In early October, the National Security Council's Special Group relaxed the restrictions on U-2 flights after receiving more reliable HUMINT reports about suspicious Soviet activities in western Cuba. Bad weather and bureaucratic delay kept the first Air Force-piloted U-2 mission under the new reconnaissance schedule from being flown until Oct. 14. The flight crossed the island and brought back photographs of what analysts at the National Photographic Interpretation Center determined were three MRBM launch sites near San Cristobal.
The Deputy Director for Intelligence at CIA, Ray Cline, passed the momentous news to the President's National Security Adviser, McGeorge Bundy, on the evening of Oct. 15. Bundy told President Kennedy the following morning. Speaking over an open line early on the 16th, the DCI's executive assistant, Walter Elder, told McCone, "That which you and you alone said would happen, has happened."
Managing the Crisis
To help him manage the crisis, President Kennedy set up a working group within the National Security Council called the Executive Committee, better known as the ExComm. McCone was the only member from an intelligence agency. During the “Thirteen Days,” he attended more than two dozen meetings to deal with specific issues. For him and his colleagues, this episode probably was the most grueling of their careers -- a frantic marathon of 16-hour-plus workdays filled with urgent discussions and telephone calls; hurried limousine trips, briefings and corridor conferences; catnaps in the office and meals on the run; political frustrations and bureaucratic wrangles; and social commitments that had to be kept to avoid arousing suspicion that something dire was afoot.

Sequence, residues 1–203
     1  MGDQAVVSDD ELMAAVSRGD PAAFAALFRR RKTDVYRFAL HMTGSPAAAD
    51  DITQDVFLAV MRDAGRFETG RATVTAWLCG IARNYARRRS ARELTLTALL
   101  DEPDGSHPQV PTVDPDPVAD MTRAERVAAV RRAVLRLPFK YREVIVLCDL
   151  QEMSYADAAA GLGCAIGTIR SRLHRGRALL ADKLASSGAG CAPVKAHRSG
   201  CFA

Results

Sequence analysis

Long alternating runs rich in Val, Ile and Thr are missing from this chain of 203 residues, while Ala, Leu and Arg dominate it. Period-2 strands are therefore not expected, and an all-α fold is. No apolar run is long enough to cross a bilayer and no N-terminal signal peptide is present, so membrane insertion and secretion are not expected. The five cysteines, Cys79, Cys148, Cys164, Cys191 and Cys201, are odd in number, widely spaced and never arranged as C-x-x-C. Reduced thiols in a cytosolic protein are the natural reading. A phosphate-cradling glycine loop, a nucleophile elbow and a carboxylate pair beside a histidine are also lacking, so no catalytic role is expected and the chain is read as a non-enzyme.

The DCI and several assistants -- DDI Cline, NPIC director Arthur Lundahl, and chief science analyst Sidney Graybeal -- translated the arcana of strategic weapons intelligence and U-2 photography at regular briefings to the President and the ExComm. A vital part of the information they considered came from a Soviet military intelligence officer, Oleg Penkovsky. During the previous two years, Penkovsky had provided to the United States and Great Britain technical specifications about Soviet nuclear missiles--their range and destructive power, and how long they took to become operational after they were shipped to a given location. That last bit of intelligence persuaded Kennedy that he did not need to order air strikes to take out the missile sites immediately and instead had a brief time to pursue a diplomatic settlement.
By Oct. 20, the ExComm had reached a consensus in favor of a naval "quarantine" on Soviet military shipments to Cuba as a tactic to force Khrushchev's hand. McCone at first favored immediate air strikes but soon agreed that a quarantine -- combined with a deadline for withdrawing the missiles -- was the best option. The president announced the presence of the missiles and the imposition of the quarantine to the world in a television address on the evening of Oct. 22.
After six more nerve-wracking days, Khrushchev backed down and agreed to withdraw all the missiles and launch equipment. During those six days, all 24 MRBM launchers became operational, construction on several intermediate range missile sites proceeded rapidly, and sensitive back-channel talks took place between the Soviet ambassador and Attorney General Robert Kennedy.
In exchange for the withdrawal, Washington agreed not to invade Cuba and, several months later, to withdraw obsolete nuclear-tipped missiles from Turkey. Because Castro ultimately refused to allow the agreed-upon on-site inspections, Kennedy later revoked his non-invasion pledge.
For the next several months, the IC monitored Moscow's compliance through all-source collection against a wide range of Soviet and Cuban targets. By early February 1963, IC agencies concluded that the Soviets had withdrawn all strategic weapons and support personnel from Cuba and dismantled the missile sites.